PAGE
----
The Open PHACTS Discovery Platform (Gray et al., 2014) provides an integrated view over several datasets with rich provenance information provided to identify where each data property originated. To enable this rich provenance, the Open PHACTS project developed their own standard for describing datasets based on a checklist of properties to provide (Gray, 2013). The Open PHACTS use case and their standard for dataset descriptions served as useful inputs to the HCLSIG community profile. The HCLSIG profile extends the Open PHACTS approach to support a larger number of use cases.
The Bio2RDF project provides scripts for converting biological datasets from their native format to an RDF representation together with SPARQL endpoints for interrogating and integrating the resulting data (Callahan et al., 2013). The conversion process from the original data source to the resulting RDF representation is captured by a provenance record that supplies core metadata about the source and resulting data (https://github.com/bio2rdf/bio2rdf-scripts/wiki/Bio2RDF-Dataset-Provenance, accessed June 2016) and is subsumed by the HCLSIG community profile. A key contribution to the HCLSIG community profile from the Bio2RDF project has been the need for providing rich statistics about the RDF data (https://github.com/bio2rdf/bio2rdf-scripts/wiki/Bio2RDF-Dataset-Summary-Statistics, accessed June 2016) the purpose of which are to support understanding of the dataset without needing to pose common queries—some of which can be expensive to compute. These recommendations have been included in the distribution level descriptions of the HCLSIG community profile.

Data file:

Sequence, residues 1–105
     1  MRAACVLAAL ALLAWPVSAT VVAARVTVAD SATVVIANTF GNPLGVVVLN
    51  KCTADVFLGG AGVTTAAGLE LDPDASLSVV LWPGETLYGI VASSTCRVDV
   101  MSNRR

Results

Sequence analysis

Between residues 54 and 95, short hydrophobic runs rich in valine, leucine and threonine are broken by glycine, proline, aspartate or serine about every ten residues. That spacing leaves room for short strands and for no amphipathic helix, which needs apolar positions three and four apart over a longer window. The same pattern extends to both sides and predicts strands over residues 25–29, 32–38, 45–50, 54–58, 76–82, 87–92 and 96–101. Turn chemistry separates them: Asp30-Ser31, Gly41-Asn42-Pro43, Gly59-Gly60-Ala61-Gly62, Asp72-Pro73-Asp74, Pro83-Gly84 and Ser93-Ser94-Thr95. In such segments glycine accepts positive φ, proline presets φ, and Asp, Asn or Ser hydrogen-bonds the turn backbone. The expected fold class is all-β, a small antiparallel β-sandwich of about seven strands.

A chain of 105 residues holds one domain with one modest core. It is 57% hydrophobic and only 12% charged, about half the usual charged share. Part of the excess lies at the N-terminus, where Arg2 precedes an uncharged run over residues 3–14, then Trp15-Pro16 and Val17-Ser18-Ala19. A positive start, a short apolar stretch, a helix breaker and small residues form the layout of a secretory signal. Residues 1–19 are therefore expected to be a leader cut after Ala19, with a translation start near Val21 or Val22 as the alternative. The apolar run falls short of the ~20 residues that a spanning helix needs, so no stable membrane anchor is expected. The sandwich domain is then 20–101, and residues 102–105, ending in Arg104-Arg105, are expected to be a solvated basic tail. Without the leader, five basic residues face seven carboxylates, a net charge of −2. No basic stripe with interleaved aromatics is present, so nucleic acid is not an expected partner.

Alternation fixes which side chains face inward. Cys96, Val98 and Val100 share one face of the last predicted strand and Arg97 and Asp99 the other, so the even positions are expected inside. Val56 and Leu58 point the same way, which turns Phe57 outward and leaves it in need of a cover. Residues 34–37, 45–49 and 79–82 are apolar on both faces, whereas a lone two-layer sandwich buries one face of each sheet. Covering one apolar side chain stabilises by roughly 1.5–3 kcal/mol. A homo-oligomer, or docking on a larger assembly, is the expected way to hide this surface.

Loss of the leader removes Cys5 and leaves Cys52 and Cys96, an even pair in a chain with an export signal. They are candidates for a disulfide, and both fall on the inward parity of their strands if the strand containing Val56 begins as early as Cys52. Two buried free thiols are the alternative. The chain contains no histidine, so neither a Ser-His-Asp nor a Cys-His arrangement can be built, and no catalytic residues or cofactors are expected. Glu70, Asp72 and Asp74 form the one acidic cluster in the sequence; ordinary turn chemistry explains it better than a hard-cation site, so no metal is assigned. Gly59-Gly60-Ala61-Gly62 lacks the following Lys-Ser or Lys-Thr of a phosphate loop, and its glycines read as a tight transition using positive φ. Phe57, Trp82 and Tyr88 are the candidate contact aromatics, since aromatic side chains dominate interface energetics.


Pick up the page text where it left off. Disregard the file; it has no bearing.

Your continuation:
The Health Care and Life Sciences Community Profile for describing datasets has been developed as a community effort to support application needs. The development process has been inclusive allowing a wide variety of individuals to provide use cases, and to extensively discuss the choices of vocabulary terms made. This effort was enabled through the use of collaborative writing tools. The resulting community profile enables the description of datasets and the different resources they make available: the dataset, its versions, and the distribution files of these versions. The community profile has extended existing best practice for describing datasets in several key areas; most notably enabling the versions and distributions of a dataset to be distinguished and by providing rich statistics about the dataset. These descriptions can be used to publish datasets compliant with the FAIR data principles. While the profile has been developed by the W3C HCLSIG, there are no aspects that are specific to this domain and the guideline is broadly applicable to many different domains and types of digital resources. The community profile is currently undergoing validation by being implemented by several different projects. We anticipate that there will need to be a consolidation period where new use cases are added and improvements made to the existing community profile.